Synchronization is the glue that holds all brain function together. Without synchronization, maturity of the brain cannot happen. But even if individual brain regions could mature on their own, they would still need to communicate with other regions at the same speed and same time in order to use their maturity to create appropriate thoughts, feelings, movements, and behaviors. It is imperative that we teach the brain to coordinate and time its communication.
Your brain controls everything in your body, especially your eyes. In fact, your eyes grow out of your brain directly. But the visual cortex is in back! That means that your visual system is one of the most important and most SENSITIVE areas of your brain. If slow and fast eye movement aren’t developed correctly, many things can be affected, like reading, writing, and catching a ball.
The ability to read is highly dependent on your eyes ability to move with a specific rhythm. When that rhythm is immature, not only reading, but many other things can be affected, like attention, focus, and the ability to keep from being distracted.
The vestibulo-ocular reflex is necessary for keeping the eyes separate from head movement. Imagine driving down the road and as your eyes move to one side to check for traffic at an intersection, your head moves with your eyes. You would get tired pretty quickly and would also miss things that were happening around you because your whole head is connected to the movement of your eyes. So many things can be affected by VOR, including clumsiness and distractibility.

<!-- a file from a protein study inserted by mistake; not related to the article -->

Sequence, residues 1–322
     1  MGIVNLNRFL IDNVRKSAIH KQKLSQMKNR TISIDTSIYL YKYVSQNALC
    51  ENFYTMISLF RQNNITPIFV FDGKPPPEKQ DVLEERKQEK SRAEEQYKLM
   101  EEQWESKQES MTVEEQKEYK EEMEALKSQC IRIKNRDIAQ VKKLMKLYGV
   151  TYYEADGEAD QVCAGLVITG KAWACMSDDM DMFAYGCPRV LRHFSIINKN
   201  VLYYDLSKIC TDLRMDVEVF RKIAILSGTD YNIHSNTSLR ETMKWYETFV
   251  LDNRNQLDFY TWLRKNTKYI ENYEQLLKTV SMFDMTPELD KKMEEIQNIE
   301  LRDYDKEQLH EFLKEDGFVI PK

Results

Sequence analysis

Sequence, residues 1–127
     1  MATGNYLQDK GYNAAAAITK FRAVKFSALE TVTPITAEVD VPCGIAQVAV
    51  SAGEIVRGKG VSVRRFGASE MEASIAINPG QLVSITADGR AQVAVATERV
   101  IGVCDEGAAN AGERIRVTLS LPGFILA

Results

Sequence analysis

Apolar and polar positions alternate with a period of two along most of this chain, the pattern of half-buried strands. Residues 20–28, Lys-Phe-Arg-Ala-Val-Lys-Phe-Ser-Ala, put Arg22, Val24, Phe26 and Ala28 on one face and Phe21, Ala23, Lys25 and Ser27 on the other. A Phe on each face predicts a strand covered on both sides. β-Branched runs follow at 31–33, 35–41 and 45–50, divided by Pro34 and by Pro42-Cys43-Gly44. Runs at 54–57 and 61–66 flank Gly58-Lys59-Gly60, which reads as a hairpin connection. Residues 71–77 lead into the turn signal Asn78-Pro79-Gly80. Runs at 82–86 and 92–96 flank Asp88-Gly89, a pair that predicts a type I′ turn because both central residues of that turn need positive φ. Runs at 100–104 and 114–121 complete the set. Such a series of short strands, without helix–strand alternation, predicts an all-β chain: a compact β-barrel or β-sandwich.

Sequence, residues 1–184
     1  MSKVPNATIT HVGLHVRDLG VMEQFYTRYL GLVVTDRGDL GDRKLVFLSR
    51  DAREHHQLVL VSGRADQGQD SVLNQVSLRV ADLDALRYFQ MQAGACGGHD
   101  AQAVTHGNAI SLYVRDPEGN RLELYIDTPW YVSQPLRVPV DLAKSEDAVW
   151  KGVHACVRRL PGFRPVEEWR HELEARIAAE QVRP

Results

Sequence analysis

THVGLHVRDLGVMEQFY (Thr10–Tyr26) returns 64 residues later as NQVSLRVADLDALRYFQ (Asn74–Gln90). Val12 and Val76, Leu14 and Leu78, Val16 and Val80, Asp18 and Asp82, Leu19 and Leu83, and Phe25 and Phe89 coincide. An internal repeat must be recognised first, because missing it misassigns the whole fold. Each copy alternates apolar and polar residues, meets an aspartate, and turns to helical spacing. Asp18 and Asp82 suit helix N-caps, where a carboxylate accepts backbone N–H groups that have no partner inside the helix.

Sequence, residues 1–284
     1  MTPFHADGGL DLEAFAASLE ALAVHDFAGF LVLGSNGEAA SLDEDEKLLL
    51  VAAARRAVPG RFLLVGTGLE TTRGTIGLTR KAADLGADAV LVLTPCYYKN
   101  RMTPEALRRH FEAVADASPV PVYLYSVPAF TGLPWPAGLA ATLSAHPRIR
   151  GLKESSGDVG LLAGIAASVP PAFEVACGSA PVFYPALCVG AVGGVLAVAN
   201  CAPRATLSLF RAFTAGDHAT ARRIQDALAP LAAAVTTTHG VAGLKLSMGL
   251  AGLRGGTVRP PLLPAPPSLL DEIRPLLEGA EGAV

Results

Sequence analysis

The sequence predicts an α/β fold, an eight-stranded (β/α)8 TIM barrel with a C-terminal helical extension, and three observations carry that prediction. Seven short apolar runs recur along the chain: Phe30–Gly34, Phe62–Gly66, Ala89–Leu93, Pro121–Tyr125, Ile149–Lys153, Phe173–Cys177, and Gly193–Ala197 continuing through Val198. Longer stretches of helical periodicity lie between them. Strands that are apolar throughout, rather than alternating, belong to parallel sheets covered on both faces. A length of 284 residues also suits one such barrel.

Imagine sitting in class and having to look up at the smartboard and back at your notes. Over and over again. That’s possible because your eyes can readjust quickly each time you switch. If that is more difficult than it should be, you simply might give up or get frustrated. This can cause symptoms like focus problems and difficulty maintaining long-term attention.
Your vestibular system is the part of your brain that helps you have a good relationship with gravity. It helps you stay upright, walk correctly, and have spatial awareness, among other things. If this system is immature, lots of symptoms can develop.
If you can’t process what you hear in each ear, the most common problem is frustration. You ever been in a crowded room and just can’t seem to hear what is being said by the person right in front of you? That’s part of auditory processing. When it gets really out of balance, symptoms can start to arise, such as auditory sensitivity or distractibility.
Passive Sensory Stimulation
Everyone knows about the 5 senses. Not everyone knows that if you stimulate 4 of them, not including taste, all at the same time, it makes the brain work really hard. That hard work, when directed purposely at the weaker hemisphere, causes the brain to mature rapidly.
The best way to describe temporal summation is to say that if we stimulate multiple regions of the brain at the exact same time, those regions must necessarily start to communicate with each other. If you stimulate specific regions in the same hemisphere, not only must they communicate with each other and the body, but they must also communicate with the corresponding networks in the other hemisphere. When we achieve this over and over with increasing levels of difficulty or challenge, the brain begins to mature in ways that can unlock massive potential.